The German federal government is ready to allow the delivery of anti-aircraft self-propelled units from industrial stocks to Ukraine. According to SPIEGEL, is about the Gepard SPAAG, which is based on Leopard tanks.

Federal Defense Minister Christine Lambrecht (SPD) wants to continue arms supplies to Ukraine. According to preliminary information, the Minister will announce today at a conference hastily convened by the United States on the Ramstein Air Base that Germany wants to allow the delivery of the Gepard SPAAG to Ukraine. In addition, Ukrainian soldiers will be trained on` Panzerhaubitze 2000 system, which the Netherlands intend to supply to the Ukrainian army.

With these statements, Lambrecht wants to try to soften harsh criticism of Germany’s arms supplies. The federal government has been criticized for weeks for hesitating. US Secretary of Defense Lloyd Austin, almost all of his EU counterparts, Ukrainian Defense Minister Reznikov, and NATO Chief Stoltenberg are expected at the US base in Ramstein. The United States has made it clear in advance that it expects more from Europe when it comes to arms supplies to Ukraine. Washington has already promised $3.2 billion in weapons, so they and their partners are looking to find ways to equip Kyiv with “additional opportunities to avert a Russian war of aggression.”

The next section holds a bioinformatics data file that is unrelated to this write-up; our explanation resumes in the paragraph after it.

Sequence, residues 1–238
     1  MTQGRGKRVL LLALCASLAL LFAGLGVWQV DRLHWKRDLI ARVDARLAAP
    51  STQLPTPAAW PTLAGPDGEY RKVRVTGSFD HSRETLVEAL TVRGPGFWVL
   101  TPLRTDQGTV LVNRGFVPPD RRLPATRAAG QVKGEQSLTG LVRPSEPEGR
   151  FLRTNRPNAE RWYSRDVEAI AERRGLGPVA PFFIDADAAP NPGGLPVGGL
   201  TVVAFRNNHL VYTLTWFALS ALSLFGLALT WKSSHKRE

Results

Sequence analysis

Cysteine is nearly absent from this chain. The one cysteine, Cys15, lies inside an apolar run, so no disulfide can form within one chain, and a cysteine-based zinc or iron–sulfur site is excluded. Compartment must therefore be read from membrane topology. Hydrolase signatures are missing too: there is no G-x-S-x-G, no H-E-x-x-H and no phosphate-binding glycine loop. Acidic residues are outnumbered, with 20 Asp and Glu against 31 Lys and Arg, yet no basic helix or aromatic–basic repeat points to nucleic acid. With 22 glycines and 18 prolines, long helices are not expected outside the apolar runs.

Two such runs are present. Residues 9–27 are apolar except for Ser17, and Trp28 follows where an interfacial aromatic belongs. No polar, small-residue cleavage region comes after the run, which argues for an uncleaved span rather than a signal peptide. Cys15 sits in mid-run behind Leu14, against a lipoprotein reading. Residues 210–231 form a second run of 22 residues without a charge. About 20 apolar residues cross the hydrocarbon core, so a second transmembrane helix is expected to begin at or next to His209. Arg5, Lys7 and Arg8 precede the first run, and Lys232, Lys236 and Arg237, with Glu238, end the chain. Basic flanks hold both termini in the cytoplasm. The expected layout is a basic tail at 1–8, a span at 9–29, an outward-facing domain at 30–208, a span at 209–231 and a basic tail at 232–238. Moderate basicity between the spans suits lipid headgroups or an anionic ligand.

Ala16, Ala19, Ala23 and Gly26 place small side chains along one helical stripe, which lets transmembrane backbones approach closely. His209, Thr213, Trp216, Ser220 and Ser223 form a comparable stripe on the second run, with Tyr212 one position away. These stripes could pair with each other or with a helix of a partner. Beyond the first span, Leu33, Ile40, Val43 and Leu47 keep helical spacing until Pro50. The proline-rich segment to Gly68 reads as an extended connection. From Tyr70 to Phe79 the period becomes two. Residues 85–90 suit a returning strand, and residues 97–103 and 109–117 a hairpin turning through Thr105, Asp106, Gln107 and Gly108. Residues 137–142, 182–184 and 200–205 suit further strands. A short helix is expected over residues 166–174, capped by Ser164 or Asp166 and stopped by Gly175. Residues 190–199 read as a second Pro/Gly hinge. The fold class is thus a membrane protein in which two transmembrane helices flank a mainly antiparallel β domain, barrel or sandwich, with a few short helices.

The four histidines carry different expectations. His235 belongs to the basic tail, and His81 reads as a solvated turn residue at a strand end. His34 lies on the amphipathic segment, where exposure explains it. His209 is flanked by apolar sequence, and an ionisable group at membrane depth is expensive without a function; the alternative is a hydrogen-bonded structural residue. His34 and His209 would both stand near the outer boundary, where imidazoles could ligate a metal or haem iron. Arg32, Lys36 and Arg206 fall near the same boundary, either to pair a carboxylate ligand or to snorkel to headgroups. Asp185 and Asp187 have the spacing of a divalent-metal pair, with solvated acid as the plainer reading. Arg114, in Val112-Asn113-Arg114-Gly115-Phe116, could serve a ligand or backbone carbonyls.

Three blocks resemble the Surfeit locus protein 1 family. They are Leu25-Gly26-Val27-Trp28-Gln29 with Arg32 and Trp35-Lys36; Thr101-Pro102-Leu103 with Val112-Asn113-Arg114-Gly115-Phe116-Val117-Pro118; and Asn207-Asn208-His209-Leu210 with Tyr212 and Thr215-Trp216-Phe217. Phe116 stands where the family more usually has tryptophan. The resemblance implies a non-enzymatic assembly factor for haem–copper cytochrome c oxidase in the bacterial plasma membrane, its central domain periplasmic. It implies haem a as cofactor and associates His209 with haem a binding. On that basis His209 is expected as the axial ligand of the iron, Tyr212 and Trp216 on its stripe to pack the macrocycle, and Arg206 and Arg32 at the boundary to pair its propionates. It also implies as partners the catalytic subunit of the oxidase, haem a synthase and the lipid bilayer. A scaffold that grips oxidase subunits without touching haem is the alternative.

The possible supply of Gepard systems has been discussed for some time. The Krauss-Maffei Wegmann Weapons Plant (KMW) announced back in February that they still have about 50 such self-propelled anti-aircraft guns in their warehouse, which can be delivered to Ukraine after a short overhaul. A corresponding proposal was made to the federal government. KMW chief Ralf Ketzel said at the time that weapons systems could be “restored relatively quickly.”

Used Bundeswehr Gepards have already been resold to KMW in Brazil, where they were used for security at the 2016 Olympics, and to Qatar for security measures at the 2022 FIFA World Cup. Romania has also acquired the Gepard SPAAG.

Serial production of Gepard anti-aircraft self-propelled guns began in 1973, the system was modernized in 1996, and in the 2000s it started being withdrawn from service in Germany. Gepard is equipped with 35 mm Oerlikon GDF guns and two radars: search and tracking. Each of the guns has a rate of fire of 550 shots per minute. The length of the barrels is 90 calibers (3.15 m), the muzzle velocity of the shells is 1440 m/s, and the effective range is 5500 m. The ammunition includes 640 shells to hit air targets and 40 armor-piercing shells to shoot at ground targets.